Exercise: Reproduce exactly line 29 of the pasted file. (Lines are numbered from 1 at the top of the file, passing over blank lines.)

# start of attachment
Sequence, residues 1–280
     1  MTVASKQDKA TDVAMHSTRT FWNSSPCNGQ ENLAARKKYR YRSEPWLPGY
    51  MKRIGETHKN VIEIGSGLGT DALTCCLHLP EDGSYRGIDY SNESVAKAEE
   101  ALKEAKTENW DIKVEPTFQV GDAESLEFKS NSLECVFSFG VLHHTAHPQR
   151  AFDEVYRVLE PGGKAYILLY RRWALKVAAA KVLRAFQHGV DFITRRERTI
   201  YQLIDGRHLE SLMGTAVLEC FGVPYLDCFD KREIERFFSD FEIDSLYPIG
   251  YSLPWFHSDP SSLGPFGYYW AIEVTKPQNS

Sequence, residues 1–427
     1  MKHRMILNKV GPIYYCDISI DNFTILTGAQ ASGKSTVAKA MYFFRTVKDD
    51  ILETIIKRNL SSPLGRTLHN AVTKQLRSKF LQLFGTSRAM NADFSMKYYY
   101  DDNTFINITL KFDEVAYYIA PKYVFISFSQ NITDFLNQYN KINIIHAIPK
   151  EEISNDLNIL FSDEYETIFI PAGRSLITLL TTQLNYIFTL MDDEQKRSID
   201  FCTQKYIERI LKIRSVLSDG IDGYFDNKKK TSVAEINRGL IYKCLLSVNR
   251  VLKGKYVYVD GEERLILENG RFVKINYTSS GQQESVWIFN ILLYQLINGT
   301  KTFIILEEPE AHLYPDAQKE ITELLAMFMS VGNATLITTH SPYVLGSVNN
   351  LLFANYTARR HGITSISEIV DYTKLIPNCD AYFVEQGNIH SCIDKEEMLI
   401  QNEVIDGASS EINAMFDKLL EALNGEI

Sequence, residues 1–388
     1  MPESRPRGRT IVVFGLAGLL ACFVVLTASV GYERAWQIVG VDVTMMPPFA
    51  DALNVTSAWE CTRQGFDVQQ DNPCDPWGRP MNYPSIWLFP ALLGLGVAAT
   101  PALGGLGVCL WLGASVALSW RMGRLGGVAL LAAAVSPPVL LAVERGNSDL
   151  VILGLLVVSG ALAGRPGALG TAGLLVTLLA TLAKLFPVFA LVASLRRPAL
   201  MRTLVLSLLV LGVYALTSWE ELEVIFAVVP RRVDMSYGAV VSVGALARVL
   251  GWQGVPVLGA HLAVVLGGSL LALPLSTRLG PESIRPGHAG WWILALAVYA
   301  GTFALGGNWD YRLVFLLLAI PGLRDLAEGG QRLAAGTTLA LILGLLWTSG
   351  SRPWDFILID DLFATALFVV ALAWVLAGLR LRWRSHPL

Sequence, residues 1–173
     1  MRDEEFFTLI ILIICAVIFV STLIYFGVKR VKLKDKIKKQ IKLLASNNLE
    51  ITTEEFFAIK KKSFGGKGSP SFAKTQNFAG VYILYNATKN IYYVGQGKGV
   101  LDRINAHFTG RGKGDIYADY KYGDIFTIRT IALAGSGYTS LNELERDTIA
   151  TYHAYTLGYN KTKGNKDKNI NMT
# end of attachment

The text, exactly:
    51  ITTEEFFAIK KKSFGGKGSP SFAKTQNFAG VYILYNATKN IYYVGQGKGV